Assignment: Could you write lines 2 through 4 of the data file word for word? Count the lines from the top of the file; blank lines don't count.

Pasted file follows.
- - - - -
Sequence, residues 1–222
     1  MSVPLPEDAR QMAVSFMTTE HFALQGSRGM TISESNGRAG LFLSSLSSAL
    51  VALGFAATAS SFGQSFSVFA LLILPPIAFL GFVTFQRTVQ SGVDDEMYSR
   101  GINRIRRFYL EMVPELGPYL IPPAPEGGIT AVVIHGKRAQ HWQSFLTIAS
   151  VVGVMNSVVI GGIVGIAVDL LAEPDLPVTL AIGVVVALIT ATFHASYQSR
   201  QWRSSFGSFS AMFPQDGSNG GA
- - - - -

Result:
     1  MSVPLPEDAR QMAVSFMTTE HFALQGSRGM TISESNGRAG LFLSSLSSAL
    51  VALGFAATAS SFGQSFSVFA LLILPPIAFL GFVTFQRTVQ SGVDDEMYSR
   101  GINRIRRFYL EMVPELGPYL IPPAPEGGIT AVVIHGKRAQ HWQSFLTIAS